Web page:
NEW YORK/COPENHAGEN: Much has been written about in recent years about "big data," but this only gives marketers half the picture – they need "thick data" to understand the "why?" as well as the "how much?"

Writing for the Harvard Business Review, two executives from strategy consulting business ReD, Mikkel B. Rasmussen, director/Europe division, and Andreas W. Hansen, senior manager/New York, described thick data as that "generated by ethnographers, anthropologists, and others adept at observing human behavior and its underlying motivations".

And they argued that there has been very little dialogue between this group and those involved in the collection and analysis of big data, which often sits in corporate IT function.

"It's only by combining the two forms of data that a complete picture emerges and real solutions to the strategic problems facing CMOs may be found," they suggested, adding that this approach could also end the use of surveys and focus groups which "add very little strategic value".

They offered an example of this approach which was taken by a large European supermarket chain with declining sales and eroding market share.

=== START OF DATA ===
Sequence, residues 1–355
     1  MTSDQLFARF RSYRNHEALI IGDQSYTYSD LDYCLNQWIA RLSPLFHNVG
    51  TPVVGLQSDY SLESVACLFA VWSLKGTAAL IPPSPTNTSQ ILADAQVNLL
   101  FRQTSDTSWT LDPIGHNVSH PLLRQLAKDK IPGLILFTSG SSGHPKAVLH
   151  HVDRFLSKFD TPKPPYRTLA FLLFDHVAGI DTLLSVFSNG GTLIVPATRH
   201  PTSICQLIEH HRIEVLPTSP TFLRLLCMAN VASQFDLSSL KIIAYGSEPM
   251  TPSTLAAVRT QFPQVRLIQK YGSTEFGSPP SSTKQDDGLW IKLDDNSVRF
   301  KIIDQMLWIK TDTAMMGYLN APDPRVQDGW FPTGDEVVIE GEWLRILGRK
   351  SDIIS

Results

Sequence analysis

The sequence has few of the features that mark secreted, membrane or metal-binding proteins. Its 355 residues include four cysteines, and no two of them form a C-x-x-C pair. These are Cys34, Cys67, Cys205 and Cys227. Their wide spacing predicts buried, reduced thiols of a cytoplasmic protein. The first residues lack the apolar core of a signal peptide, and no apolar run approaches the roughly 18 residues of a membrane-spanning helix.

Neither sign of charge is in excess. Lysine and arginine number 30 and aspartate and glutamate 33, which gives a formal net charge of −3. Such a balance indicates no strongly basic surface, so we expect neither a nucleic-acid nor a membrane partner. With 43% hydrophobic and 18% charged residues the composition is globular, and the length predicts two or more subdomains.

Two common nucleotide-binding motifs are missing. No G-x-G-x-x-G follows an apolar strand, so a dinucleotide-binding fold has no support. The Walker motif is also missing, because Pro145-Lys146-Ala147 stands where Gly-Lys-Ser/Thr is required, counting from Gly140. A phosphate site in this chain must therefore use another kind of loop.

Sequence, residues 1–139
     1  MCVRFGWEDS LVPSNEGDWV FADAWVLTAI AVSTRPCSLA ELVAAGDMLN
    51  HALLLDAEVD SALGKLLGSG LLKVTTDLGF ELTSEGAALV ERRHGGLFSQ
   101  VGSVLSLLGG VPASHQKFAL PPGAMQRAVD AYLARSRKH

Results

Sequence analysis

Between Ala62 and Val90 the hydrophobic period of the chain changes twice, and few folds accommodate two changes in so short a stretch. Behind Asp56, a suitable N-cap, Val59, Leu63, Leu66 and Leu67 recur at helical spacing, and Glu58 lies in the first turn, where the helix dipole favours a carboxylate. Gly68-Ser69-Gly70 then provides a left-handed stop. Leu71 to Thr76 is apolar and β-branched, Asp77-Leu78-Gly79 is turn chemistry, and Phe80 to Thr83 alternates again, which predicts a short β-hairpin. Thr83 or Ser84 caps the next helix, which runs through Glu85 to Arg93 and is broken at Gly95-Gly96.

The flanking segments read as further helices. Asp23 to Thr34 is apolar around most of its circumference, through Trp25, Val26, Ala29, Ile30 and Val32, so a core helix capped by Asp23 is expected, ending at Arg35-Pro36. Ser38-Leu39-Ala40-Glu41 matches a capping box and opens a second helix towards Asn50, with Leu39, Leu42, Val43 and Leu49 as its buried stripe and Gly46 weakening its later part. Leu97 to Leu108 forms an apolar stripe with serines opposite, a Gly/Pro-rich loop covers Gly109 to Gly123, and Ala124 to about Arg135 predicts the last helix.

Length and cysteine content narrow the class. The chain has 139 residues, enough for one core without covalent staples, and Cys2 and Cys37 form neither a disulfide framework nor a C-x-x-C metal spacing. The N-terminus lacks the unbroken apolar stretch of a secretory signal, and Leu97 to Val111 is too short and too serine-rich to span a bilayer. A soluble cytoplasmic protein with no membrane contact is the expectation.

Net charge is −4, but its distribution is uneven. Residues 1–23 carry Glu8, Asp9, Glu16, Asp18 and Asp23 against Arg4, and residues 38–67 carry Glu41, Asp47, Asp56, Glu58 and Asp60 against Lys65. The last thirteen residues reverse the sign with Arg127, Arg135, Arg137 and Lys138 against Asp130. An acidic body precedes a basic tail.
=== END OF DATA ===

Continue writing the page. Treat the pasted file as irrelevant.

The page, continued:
Traditional shopper surveys left the CMO none the wiser as people appeared to hold contradictory beliefs, with similar proportions saying price was the most important factor in their shopping at the same time as they claimed to always choose better quality items even though they cost more.

But an in-depth study, where social science researchers spent time with consumers in their homes and daily lives, revealed significant shifts in social behaviour and shopping habits that led to the conclusion that a convenient and distinctive shopping experience was more important than price alone.

These insights were cross-checked against big data, so confirming that "the experiences that the company's stores offered were out of sync with the reality of the consumers" and enabling the CMO to explore where action needed to be taken.

"This back and forth between what they knew was happening (big data) and why (thick data) was key to making a sound decision," the authors wrote.

Data sourced from Harvard Business Review; additional content by Warc staff